Home/ Industry / Infotech/  More companies adopt video on the move

Mumbai: As a convenience and a cost-buster, video conferencing has been a necessary part of doing business for more than a decade. What’s changing is that it’s increasingly going mobile—on desktops, laptops, tablets and even smartphones—helping companies cut travel expenses and increase productivity.

It has had a dramatic impact at Indian Farmers Fertiliser Cooperative Ltd (Iffco), where the annual appraisal exercise took two months because it involved 700-800 employees and the appraisal committee members were travelling to Delhi from all over India.

“Now, they can be finished in 10 days. For international joint ventures, board meetings are done through video conferencing," said S.C. Mittal, senior executive director and group chief technology officer, adding that Iffco uses Internet Protocol or IP-based telephones for video conferencing.

The Jaypee Group has been able to double “productivity with its video conferencing solution" as employees across the country now collaborate face-to-face at any time from wherever they are, said Sunita Joshi, director and chief investment officer, JIL Information Technology Ltd, the infotech arm of Jaypee Group.

Mobility won’t completely replace boardroom video conferencing but is a key element that needs to be provided at enterprises, said Parminder Kaur Saini, industry manager, Frost and Sullivan (India) Pvt. Ltd. Video on the move—that’s clearly what companies and their employees want.

On the other hand, enterprise video conferencing and telepresence (high-resolution images that make participants feel they are in the same room) equipment and software revenue declined 20% from the December quarter to $661 million in the quarter ended 31 March, Infonetics Research said in a report this month. The report added that videophones, the fastest growing hardware endpoint segment, posted another strong quarter.

The surge in mobile adoption and the bring your own device (BYOD) trend is driving enterprises to enable video communication from multiple devices and locations. BYOD refers to employees using devices of their own choosing, rather than those determined by their companies.

Polycom Inc., one of the world’s biggest makers of video conferencing equipment, agrees that mobility is the key. “Video conferencing platforms must go mobile in order to stay in the game," said Polycom’s India marketing head Alok Anand.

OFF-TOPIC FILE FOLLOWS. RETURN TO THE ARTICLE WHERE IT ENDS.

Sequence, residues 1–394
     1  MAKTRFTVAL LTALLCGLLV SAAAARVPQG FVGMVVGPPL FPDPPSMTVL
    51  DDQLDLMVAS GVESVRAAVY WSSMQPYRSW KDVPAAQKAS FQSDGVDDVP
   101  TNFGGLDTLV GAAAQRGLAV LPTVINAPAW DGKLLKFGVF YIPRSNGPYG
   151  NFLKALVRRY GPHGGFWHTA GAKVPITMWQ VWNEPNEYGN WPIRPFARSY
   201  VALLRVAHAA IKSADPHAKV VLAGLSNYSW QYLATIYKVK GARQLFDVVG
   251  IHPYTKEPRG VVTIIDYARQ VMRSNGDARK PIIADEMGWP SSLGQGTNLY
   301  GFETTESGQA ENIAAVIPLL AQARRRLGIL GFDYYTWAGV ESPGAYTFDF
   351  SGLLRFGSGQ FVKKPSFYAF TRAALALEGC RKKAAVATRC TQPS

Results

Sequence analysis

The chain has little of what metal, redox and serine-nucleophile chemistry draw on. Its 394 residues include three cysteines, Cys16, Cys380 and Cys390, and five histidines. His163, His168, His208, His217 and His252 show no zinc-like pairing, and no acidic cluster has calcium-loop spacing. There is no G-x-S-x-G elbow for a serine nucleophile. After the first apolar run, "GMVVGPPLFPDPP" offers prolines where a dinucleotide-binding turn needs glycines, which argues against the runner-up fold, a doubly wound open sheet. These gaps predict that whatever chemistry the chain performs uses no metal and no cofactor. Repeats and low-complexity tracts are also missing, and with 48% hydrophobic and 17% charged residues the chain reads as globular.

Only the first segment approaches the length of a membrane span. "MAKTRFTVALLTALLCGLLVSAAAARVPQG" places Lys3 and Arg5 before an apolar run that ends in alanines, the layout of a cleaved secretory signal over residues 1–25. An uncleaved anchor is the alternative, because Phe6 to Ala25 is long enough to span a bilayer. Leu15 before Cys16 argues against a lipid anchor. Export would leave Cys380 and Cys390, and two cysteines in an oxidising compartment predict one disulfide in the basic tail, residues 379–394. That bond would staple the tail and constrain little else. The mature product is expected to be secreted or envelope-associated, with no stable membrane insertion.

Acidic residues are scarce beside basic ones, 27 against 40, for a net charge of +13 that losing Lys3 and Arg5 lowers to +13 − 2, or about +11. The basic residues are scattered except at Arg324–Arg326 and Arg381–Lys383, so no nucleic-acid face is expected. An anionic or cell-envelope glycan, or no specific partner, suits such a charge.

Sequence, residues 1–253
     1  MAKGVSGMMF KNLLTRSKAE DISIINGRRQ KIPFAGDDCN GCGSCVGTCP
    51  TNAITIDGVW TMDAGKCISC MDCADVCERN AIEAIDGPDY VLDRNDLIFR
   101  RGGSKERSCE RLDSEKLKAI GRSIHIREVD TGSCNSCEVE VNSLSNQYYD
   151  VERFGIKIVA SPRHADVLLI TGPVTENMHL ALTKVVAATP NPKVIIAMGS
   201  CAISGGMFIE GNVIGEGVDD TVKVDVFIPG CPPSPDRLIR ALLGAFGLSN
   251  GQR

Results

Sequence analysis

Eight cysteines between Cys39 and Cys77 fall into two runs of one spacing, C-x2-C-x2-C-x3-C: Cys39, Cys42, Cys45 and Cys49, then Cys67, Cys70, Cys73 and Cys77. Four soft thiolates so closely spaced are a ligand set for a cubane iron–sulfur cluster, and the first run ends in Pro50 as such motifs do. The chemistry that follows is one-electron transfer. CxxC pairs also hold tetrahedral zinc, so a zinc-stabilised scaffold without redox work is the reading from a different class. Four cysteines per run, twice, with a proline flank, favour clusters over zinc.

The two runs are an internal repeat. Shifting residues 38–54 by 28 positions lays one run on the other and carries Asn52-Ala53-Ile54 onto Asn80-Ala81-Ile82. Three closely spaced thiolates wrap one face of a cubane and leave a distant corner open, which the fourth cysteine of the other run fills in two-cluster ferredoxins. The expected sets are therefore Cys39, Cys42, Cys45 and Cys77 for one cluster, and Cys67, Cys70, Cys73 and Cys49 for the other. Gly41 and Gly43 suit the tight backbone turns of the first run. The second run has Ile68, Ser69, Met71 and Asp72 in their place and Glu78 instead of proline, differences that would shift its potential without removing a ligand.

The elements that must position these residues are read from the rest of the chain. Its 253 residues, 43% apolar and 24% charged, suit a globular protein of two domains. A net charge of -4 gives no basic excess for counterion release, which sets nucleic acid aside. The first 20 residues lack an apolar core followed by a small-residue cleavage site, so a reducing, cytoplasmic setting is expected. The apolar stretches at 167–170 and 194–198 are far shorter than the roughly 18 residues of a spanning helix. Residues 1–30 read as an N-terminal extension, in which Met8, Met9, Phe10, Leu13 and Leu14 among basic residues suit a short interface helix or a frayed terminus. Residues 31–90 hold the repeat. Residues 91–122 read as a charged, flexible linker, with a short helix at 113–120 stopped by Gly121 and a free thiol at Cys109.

Along with equipment makers such as Polycom and Cisco Systems Inc., telecom service providers Bharti Airtel Ltd, Tata Communications Ltd and Reliance Communications Ltd also offer video conferencing solutions.

“Given that clients today demand ubiquitous solutions, Airtel’s offering provides a unique feature that allows interoperability of any platform or device (mobile phone, PC, laptop, tablet), exchange of video conferencing between all network providers and availability of service in any geography around the world," said Milan Rao, chief executive officer of enterprise and government business at India’s largest telecom service provider Bharti Airtel, which provides video conferencing solutions in partnership with Cisco.

Peter Quinlan, vice-president, integrated business video services, Tata Communications, said, “The global business scenario is moving towards software-centric solutions, virtualization, cloud-based offerings, and real-time browser-based communications."

Video conferencing has become a critical part of operations, said Minhaj Zia, director of collaboration sales, India and Saarc, Cisco Systems.

“Enterprises are asking—why can’t I use video as part of my business process itself, where I can connect with my customers directly. Many experiments are going on by customers to have video-based business models like a bank’s branch with no executives and customers can directly connect with the bank through video conferencing," Zia said. For instance, virtual fitting rooms using Cisco technology enable the design team of fashion apparel brand Tommy Hilfiger, based in Amsterdam and New York, to collaborate faster and more effectively with the manufacturing team in Asia.

“From being considered as an add-on solution, it (video conferencing) has made its way to mainstream corporate communication and collaboration strategy," said Nupur Singh Andley, analyst at Forrester Research, adding that the “availability of consistent bandwidth is an issue in markets such as India".

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Updated: 20 Jun 2013, 12:18 AM IST
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